Adam Werbach wrote an article in the McKinsey Quarterly last year entitled “When Sustainability Means More Than Green”. It’s common for people to immediately think of “going green”: recycling, conserving energy and anything that has to do with the environment, when hearing the word ‘sustainability’.  What many don’t know is that sustainability is more than just ‘going green’. Werbach states that “companies must consider their social, economic and cultural impact as well” as protecting the environment (McKinsey 74).

Werbach tells us that society has great expecations of successful corporations, and holds them accountable for overcoming the challenges facing our planet today, and in the future. Overcoming these challenges is more than just corporate responsibility, it’s survival. Short-term thinking is the reason why many corporations have not been able to meet the challenges, and sustain themselves. The auto industry is a good example of this.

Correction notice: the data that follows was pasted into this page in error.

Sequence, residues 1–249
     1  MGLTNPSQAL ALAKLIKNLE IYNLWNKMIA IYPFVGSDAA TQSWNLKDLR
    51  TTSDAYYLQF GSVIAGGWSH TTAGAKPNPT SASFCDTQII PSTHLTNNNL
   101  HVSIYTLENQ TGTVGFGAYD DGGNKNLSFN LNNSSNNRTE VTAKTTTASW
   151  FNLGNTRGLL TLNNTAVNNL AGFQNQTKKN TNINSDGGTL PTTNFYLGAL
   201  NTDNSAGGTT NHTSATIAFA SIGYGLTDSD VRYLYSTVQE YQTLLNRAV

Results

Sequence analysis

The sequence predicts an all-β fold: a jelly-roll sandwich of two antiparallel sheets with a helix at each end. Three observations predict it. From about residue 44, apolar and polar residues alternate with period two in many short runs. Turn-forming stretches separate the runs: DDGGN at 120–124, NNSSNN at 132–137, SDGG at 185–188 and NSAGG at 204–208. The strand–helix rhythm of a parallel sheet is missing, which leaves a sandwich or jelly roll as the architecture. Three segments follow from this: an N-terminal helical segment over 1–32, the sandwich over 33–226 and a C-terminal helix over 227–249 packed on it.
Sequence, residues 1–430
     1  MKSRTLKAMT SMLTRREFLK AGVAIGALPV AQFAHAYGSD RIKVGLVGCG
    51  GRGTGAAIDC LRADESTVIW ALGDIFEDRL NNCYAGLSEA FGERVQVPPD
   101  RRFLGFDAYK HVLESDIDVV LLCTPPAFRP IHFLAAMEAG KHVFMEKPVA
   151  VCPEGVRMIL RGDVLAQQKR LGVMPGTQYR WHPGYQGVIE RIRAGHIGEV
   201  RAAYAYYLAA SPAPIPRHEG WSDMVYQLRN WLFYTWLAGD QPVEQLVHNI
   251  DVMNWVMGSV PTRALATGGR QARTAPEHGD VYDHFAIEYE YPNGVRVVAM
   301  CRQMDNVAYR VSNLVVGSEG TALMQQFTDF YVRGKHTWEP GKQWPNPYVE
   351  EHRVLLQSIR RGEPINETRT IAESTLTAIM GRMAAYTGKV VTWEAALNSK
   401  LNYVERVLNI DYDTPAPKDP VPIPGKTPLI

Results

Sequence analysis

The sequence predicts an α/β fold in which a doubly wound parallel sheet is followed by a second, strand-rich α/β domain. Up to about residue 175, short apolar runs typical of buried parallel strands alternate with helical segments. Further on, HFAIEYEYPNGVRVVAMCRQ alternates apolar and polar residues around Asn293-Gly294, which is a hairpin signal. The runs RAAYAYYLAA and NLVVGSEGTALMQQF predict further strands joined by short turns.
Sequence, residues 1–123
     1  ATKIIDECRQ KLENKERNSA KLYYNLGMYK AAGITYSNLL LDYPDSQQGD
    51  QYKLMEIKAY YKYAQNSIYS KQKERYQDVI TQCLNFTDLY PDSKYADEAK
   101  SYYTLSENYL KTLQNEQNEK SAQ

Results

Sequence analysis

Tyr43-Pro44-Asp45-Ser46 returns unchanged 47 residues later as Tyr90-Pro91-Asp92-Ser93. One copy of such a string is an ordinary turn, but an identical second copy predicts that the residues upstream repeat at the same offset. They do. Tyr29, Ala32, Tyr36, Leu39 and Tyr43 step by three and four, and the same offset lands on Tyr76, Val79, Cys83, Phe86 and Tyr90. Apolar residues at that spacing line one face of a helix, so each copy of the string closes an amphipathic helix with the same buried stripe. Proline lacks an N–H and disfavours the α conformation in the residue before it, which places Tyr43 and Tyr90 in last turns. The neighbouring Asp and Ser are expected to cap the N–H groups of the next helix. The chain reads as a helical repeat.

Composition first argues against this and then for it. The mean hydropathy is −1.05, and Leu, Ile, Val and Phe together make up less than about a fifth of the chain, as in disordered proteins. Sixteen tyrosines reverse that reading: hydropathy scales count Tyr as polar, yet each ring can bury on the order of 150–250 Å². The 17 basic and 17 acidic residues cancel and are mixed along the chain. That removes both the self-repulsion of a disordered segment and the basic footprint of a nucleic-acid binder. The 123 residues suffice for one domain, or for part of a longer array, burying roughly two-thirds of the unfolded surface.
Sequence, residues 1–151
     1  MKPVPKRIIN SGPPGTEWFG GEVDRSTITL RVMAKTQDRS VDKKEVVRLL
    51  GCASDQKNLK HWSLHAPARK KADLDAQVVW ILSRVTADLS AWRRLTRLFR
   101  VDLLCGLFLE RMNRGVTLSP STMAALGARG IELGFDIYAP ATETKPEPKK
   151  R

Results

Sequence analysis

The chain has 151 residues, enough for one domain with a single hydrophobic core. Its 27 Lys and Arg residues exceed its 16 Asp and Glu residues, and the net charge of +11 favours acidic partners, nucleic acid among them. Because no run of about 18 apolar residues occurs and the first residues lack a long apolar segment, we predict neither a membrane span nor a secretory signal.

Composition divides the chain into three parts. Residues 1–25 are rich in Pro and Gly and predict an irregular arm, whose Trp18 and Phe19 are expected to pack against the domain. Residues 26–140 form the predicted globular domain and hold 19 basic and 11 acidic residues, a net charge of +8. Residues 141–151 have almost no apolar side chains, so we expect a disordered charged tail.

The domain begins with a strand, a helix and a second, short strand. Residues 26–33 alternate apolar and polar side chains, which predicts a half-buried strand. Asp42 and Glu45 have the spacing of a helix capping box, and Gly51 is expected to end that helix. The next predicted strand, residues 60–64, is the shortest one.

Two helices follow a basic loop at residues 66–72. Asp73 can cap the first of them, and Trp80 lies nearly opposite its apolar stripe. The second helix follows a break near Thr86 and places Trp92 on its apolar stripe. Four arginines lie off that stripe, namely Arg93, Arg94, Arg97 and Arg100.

Sustainability used to mean steadily increasing earnings for a business. Today, Werbach uses sustainability to mean driving “a bottom-line strategy to save costs, a top-line strategy to reach a new consumer base, and a talent strategy to get, keep, and develop creative employees” (McKinsey 75). He breaks it down into four components: social, economic, environmental and cultural. Though it’s difficult to implement sustainability initiatives in this economic climate, now is the perfect time to take advantage of establishing a sustainability strategy, putting tracking measures in place and planning for the future.

Werbach ends the article with this thought: “Every crisis is an opportunity. The crisis we face now is our chance – your chance – to build a strategy for sustainability into the core of your company and your life. Such a strategy is a necessity, not an idealistic solution” (McKinsey 79).

What do you think? Is Werbach right? Should companies be focused on short-term strategy for generating revenue, or long-term strategy for sustainability?